Frank Tanana: Former Italian / American Mets Pitcher (1993)

Frank Daryl Tanana was born on July 3, 1953, in Detroit, Michigan. The left-handed fast ball pitcher was a 1971 first round draft pick for the California Angels, the 13th pick overall. 

In 1973 he was 33-12 with a 2.70 ERA at two levels of minor league ball, getting promoted to the big-league staff by the end of the year.

In 1974 Tanana teamed up with Nolan Ryan making them one of the best one & two combos in baseball. The saying went in Anaheim was “Tanana, Ryan & two days of crying’” during those mid-seventies hey days.

 In his first full season, 1974 he was given the start on the second game of the season in Chicago against the White Sox.

Although he pitched well into the 7th inning allowing just two runs, he got no decision. He then won his next two starts beating Texas & the White Sox at home. 

In May he lost four straight starts going 2-4 in the month, although his ERA was just at 2.88. From the end of June on, he allowed more than three runs in a game just five times, but was just 10-7 in that time.

Topps All Star Rookie: Tanana finished the year at 14-19 (3rd most losses in the A.L.) on a last place Angel’s team, striking out 180 batters (7th in the AL) in 268 innings pitched with a 3.12 ERA. He made the Topps All Star Rookie Team & was voted California’s most eligible bachelor. The free spirited Tanana became a star the next season.

In 1975 he started out at 2-4 then things took off after June 3rd. He won four straight decagons, striking out ten batters or more three times. On June 21st in the first game of a double header with the Texas Rangers he struck out 17 batters pitching a two hit complete game. 

In that game his fast ball was clocked at 1000 mph. Two outings later he struck out 15 Twins in Minnesota, tossing his third straight complete game win.

After a July Fourth of July loss at Oakland, he won eight of his next nine decisions, ten of his last fourteen. From August 24th through September 10th, he tossed five straight complete games, beginning with a four-hit shut out against the AL New York team in New York's Shea Stadium.

He never allowed more than six hits in those starts and was 4-1 lowering his ERA to 2.36. On September 22nd he earned no decision although he pitched 13 shut out innings, allowing just six hits against the White Sox.

Tanana led the A.L in strikeouts with 269, going 16-9 with a 2.62 ERA (fourth in the AL). On the season he threw 16 complete games with five shut outs, coming in fourth in the Cy Young Award voting.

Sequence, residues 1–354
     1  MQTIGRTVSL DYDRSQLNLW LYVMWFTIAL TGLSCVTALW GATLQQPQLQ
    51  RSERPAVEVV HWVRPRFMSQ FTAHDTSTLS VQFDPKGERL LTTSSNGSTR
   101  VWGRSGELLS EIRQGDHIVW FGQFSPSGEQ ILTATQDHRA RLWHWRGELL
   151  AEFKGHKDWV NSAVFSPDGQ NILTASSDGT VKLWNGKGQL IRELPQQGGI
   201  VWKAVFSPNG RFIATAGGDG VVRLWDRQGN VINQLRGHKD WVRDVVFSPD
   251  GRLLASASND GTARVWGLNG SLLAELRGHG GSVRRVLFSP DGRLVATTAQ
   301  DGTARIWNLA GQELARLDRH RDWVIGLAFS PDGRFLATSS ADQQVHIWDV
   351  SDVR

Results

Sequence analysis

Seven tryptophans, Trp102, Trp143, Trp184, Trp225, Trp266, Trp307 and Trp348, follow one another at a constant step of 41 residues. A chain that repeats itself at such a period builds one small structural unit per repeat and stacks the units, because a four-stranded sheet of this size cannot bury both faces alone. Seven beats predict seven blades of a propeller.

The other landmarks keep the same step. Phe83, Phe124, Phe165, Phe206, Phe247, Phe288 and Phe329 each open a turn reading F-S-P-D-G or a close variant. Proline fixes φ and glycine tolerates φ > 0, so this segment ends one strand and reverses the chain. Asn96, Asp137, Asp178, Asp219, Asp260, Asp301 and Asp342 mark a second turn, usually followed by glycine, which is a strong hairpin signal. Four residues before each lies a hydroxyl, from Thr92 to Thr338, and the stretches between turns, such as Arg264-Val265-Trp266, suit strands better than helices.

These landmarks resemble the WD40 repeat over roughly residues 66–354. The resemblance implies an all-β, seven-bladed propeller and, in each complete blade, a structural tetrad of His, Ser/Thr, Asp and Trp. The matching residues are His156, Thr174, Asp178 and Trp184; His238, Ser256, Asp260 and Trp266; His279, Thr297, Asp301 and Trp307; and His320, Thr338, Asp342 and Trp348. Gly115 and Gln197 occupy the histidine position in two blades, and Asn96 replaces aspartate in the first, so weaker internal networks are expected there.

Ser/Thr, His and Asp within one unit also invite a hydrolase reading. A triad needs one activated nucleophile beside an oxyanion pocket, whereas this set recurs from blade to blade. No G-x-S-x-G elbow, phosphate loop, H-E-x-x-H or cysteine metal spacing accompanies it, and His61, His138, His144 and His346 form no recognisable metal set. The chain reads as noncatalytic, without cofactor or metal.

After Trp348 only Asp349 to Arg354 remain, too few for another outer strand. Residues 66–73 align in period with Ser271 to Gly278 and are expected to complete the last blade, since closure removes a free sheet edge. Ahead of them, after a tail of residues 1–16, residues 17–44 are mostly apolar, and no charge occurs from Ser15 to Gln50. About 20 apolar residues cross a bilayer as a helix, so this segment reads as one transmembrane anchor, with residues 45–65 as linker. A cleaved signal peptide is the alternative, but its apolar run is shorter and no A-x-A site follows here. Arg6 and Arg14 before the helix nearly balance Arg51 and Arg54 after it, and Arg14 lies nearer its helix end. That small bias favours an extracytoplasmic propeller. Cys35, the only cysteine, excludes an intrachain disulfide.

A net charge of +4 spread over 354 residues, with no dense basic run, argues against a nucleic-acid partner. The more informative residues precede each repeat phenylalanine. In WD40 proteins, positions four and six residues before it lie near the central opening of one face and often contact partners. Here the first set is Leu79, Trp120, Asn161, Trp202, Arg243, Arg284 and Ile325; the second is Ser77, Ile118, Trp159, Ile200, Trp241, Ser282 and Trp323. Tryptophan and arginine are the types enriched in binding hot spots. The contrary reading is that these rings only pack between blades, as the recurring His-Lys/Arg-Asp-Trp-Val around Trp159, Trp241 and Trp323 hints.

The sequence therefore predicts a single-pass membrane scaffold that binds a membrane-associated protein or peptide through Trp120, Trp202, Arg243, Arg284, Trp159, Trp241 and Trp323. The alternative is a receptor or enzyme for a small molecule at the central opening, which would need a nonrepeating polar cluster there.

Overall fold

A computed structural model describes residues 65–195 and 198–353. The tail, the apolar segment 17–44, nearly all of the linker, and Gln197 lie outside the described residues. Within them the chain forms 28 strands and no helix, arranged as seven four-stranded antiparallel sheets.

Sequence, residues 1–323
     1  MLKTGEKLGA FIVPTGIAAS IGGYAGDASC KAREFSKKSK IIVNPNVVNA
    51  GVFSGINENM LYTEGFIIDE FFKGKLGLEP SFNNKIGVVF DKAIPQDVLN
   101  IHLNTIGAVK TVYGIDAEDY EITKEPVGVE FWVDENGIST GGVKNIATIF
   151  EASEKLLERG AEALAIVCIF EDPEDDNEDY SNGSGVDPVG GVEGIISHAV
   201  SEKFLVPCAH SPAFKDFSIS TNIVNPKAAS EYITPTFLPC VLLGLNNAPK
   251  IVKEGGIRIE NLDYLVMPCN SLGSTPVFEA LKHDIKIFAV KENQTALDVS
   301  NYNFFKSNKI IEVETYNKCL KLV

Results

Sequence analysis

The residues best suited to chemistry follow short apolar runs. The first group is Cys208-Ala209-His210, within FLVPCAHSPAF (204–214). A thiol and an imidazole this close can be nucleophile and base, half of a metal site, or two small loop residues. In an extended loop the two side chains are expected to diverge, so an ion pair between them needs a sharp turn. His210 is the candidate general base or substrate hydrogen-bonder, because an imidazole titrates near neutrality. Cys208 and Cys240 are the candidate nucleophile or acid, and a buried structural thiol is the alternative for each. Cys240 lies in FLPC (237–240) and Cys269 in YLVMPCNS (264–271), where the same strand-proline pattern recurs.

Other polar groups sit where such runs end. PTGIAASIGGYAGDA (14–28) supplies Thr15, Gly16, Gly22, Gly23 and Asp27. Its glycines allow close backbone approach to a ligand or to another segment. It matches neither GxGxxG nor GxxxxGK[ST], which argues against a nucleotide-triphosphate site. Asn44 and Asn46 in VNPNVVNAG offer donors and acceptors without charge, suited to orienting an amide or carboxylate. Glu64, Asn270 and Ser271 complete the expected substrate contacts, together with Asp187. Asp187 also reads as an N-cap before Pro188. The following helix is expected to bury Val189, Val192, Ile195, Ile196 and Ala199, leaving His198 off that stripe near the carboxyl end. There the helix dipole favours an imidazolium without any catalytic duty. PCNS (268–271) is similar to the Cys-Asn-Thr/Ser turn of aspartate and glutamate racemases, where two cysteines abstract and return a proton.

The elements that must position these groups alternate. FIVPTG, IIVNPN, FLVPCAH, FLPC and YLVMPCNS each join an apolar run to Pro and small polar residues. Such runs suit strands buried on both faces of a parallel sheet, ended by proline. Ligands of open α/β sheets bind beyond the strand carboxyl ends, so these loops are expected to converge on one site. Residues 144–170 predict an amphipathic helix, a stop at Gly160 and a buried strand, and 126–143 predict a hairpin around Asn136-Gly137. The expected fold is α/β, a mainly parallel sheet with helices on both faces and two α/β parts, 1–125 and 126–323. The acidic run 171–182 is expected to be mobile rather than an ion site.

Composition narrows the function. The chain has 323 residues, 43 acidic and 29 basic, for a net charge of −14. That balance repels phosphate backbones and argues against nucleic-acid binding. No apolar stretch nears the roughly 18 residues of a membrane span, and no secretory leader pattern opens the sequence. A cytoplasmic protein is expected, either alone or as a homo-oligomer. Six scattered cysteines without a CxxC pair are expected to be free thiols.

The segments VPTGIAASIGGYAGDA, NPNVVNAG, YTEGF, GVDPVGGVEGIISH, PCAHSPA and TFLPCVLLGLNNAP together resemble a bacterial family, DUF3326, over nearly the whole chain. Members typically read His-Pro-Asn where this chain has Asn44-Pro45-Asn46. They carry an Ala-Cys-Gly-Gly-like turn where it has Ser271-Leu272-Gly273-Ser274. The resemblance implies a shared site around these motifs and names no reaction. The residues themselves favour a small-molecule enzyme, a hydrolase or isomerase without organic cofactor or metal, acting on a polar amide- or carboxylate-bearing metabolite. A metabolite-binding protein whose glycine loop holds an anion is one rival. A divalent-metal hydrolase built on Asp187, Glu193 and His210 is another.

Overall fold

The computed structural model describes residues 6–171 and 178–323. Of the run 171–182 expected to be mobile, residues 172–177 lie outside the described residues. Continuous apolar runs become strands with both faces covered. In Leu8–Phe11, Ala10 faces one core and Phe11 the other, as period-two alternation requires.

In the bicentennial year of 1976, he had a great May winning six straight starts pitching complete games in five of those outings. He made his first All Star team, that year & ended the season with a 7-1 August/ September. On September 6th he struck out 15 Oakland A's for his tenth game with double figures in strike outs on the year. 

On the year he was 19-9 (fourth most wins in the AL) with a 2.43 ERA (3rd in the AL) & 23 complete games (2nd in the AL) pitching 288 innings. 

AL -ERA Leader: In 1977 he started out the year at 4-0 and was an incredible 11-3 by the middle of June. By now he was one of the league's top pitchers. On May 25th he threw three hits shut out in Detroit & then in his next start threw a five hit one run game in Cleveland but took the loss to Dennis Eckersley' s 1-0 shutout.

In June when the Indians came to California, he got revenge by throwing a two-hit shutout victory. In August he tossed a four-hit shutout over seven innings against the Boston Red Sox & then pitched a three-hit shutout in his next outing against the Baltimore Orioles. His season was cut short with an injury at the beginning of September.

On the year he led the league in ERA (.2.54) & shut outs, tossing seven of them. He was second to teammate Nolan Ryan in strike outs (230) as well as strike out per nine inning ratio.

 He went to that All Star Games as well as the next years, representing the Angels. Tanana would go 82-59 over a five-year period with the Angles. The team only finished above fourth place once in those years (second place in 1978).

In 1979 he missed two months due to a shoulder injury which would ruin his fastball. After the tragic murder of teammate Lyman Bostock, Tanana became a religious man & changed his perspective on life.